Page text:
Six Steps to Natural Sleep Review – Does it work?

If you’ve been struggling with insomnia for a while, you’ll know how seriously it can affect your life.

EVERY night. you spend hours tossing and turning, dreading another day at work feeling tired and irritable. Everyone tells you that you just need to relax.

But you and I both know that’s impossible when in insomnia’s chains.

Visit a ‘sleep hygienist’?

If you’ve tried the tips in my eBook but are still struggling to get any shuteye, maybe it’s time to see a ‘sleep hygienist’ for new ideas?

This is what insomniac Peter Lichfield did, after getting fed up with popping benzodiazepines and dealing with the consequences.

Thankfully for Peter, seeing a sleep hygienist was a real eye opener (in a good way).

She helped him completely CHANGE his approach to sleep at bedtime. The things she taught him included:

  • How sleep patterns have changed through the ages
  • Why insomnia is a new phenomenon
  • Impact of light exposure
  • Influence of brainwaves and hormones
  • How to create subconscious triggers that flick your brain into sleeping mode when you lie on your bed

Most importantly, she taught him how it to reprogram his brain and body to attain optimized sleep cycles. This enabled him to remove the psychological barriers keeping him awake. This meant he could almost CHOOSE when to sleep, until waiting hours for his mind and body to become exhausted.

Six Steps to Natural Sleep

Wishing to share his new insomnia busting methods with other insomniacs, Peter compiled everything he discovered into a sleep hygiene program.

Called ‘Six Steps to Natural Sleep’, it comprises of:

  • An eBook with guidance on developing healthier subconscious triggers at bedtime, how to optimize your sleep patterns and how to reprogram your brain for better sleep
  • ‘Sleep Like a Baby’ recording with subliminal messaging to lull your brain to sleep
  • Bineural beats recording that helps slow down your brainwaves and banish negative thoughts

Peter’s system is so effective that he claims it can start transforming your sleep patterns in just three days. When you also consider it costs a fraction of session with a sleep therapist and has helped over 10,000 people already, if you’re struggling with insomnia it’s worth giving it a try.

Just imagine being able to stop your mind racing, to feel less anxious and restless and to be able to DECIDE when you want to sleep?

Sounds too good to be true? Check out the info page and decide for yourself.

Disclaimer – If you buy the Six Steps to Natural Sleep then I earn commission. It’s offered with a 60 day money back guarantee, though, so if you don’t experience any improvement in the first two months you can get your money back. So you really have nothing to lose by trying it – other than your insomnia!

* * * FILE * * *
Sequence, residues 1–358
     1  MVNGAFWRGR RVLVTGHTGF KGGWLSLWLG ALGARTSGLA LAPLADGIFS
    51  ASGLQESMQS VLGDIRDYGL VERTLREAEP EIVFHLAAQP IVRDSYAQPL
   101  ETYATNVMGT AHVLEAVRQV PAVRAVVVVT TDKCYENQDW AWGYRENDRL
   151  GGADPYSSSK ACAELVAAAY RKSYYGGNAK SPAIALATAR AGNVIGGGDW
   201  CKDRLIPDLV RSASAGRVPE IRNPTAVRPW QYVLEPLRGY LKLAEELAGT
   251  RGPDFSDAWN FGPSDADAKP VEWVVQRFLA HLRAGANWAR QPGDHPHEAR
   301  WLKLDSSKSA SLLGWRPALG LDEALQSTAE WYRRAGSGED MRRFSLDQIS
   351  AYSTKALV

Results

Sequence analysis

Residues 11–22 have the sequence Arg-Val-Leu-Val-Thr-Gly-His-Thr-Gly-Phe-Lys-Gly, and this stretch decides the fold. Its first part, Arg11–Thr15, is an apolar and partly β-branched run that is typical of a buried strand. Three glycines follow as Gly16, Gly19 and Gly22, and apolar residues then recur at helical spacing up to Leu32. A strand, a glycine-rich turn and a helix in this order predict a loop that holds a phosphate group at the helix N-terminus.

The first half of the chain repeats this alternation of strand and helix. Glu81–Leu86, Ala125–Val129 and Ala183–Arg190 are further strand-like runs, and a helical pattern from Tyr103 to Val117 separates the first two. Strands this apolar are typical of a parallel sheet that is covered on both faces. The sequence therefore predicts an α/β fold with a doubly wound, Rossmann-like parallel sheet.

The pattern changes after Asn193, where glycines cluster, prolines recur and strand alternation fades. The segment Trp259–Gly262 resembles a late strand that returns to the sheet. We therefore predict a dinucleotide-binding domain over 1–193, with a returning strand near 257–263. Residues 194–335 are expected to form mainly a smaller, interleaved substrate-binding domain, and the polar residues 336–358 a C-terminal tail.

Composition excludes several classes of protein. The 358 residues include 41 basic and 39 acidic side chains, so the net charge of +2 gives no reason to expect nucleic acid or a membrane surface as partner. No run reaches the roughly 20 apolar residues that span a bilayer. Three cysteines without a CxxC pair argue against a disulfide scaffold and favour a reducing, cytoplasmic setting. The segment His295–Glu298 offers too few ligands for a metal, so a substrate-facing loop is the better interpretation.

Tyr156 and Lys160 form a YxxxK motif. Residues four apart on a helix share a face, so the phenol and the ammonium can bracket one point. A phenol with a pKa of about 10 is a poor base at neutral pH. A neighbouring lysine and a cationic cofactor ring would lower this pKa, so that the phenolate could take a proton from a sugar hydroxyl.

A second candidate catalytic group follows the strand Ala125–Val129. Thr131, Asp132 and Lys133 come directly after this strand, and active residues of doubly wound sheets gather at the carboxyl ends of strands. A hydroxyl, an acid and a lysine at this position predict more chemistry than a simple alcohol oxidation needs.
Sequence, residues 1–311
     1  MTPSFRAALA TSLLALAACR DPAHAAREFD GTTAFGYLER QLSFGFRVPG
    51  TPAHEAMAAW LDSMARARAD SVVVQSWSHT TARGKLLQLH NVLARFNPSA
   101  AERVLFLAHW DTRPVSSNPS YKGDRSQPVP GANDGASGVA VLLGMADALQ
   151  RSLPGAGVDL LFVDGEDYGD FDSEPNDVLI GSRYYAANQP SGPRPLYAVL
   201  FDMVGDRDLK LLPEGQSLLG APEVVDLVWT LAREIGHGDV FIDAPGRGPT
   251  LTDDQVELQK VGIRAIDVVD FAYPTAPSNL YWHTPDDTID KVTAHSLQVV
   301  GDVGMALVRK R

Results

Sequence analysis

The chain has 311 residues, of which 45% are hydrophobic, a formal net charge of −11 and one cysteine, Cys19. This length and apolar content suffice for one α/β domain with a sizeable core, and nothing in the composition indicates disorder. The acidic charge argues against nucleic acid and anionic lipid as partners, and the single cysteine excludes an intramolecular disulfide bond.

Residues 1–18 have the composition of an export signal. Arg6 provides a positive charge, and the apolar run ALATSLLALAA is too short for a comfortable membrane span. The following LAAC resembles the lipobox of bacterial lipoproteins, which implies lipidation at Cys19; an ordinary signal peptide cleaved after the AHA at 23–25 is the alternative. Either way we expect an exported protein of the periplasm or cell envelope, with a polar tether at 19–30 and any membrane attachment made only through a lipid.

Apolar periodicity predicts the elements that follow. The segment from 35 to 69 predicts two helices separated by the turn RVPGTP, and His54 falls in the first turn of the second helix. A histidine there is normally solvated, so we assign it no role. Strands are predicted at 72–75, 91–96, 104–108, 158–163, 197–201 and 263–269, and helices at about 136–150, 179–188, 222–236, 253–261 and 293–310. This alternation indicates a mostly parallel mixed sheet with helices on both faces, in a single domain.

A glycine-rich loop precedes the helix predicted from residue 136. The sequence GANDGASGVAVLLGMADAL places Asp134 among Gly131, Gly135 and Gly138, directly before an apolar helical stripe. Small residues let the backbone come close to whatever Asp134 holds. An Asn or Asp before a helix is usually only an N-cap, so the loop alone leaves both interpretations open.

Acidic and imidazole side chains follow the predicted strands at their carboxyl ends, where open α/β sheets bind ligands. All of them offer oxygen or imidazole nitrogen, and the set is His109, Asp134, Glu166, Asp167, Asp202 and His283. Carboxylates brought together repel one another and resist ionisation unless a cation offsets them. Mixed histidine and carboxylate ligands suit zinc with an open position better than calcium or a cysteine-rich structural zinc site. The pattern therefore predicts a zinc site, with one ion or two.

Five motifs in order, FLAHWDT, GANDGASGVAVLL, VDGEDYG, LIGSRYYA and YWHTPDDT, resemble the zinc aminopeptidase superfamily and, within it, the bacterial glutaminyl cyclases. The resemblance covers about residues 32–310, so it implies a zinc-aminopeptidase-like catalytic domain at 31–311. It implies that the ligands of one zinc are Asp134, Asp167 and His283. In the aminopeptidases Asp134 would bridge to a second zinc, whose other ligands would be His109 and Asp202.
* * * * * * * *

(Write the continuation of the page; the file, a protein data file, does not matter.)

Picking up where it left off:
The Health Benefits of a Good Night’s Sleep

a good night's sleep helps you feel healthier and more energetic

Overcoming your insomnia is already a feat in itself. But being able to do so will not only give you more hours of restful sleep, it can also lead to great health benefits. Many people don’t realize that not knowing how to get enough sleep can contribute to some serious health problems. Conversely, getting your daily dose of good night’s sleep can bring about surprising results.

So if you’re always wondering how to sleep better, act fast. Discover the different types of remedies and medical treatments that can help you. Learn relaxation techniques that can boost your chances of sleeping well, and gain all the health benefits that come with restorative sleep.

  1. Better immune system – When you sleep, your body works overtime to repair cells, tissues, and muscles. Knowing how to sleepwell keeps your immunity system strong, protecting you from viruses like flu and colds.
  2. More energy – When you are not tired and drowsy, you will have more energy to take on the day’s activities. When you get enough sleep you will feel more refreshed and invigorated.
  3. Healthier heart – Sleeping well contributes to your overall health and reduces the possibility of developing health problems such as heart disease. Like any other body organ, the heart is made up of muscles that need to be constantly maintained and repaired.
  4. Improved memory – While you are sleeping, the brain strengthens your memory and stores away all the information you learned during the day. When you’re trying to learn a new skill, you have greater chances of remembering the new things you learned after a good night’s sleep.
  5. Healthy weight – When you don’t get enough sleep, certain hormones in your brain are created and these can trigger you to feel hungry more often. This can lead to unnecessary weight gain.

With so many benefits, it’s no wonder insomnia and a lack of sleep can make you feel rundown. So take advantage of all the useful advice on this website on how to get to sleep for more hours every night.

axbo SleepPhase and Sleeptracker Elite Review – Can technology help you sleep better?

axbo sleepphase alarm clock

Do you ever wake up in the morning and still feel exhausted, even after eight or more hours of sleep? If you’re like me, waking up feeling half asleep can make me feel grumpy and tired for the rest of the morning (if not the whole day). Why is this? And is there anything we can do about it?

Why you can still feel tired

Every night our bodies go through 3-5 sleep cycles lasting around 90 minutes. These sleep cycles fluctuate between deep sleep and a light slumber, as your body rejuvenates itself for the day ahead. If you wake up during a light sleep cycle then you can feel alert and refreshed. But waking up during a deep sleep can mean you wake up feeling tired because your mind still feels half in sleep mode, causing you to desperately hammer the snooze button on your alarm and wish you could sleep for a couple of hours more.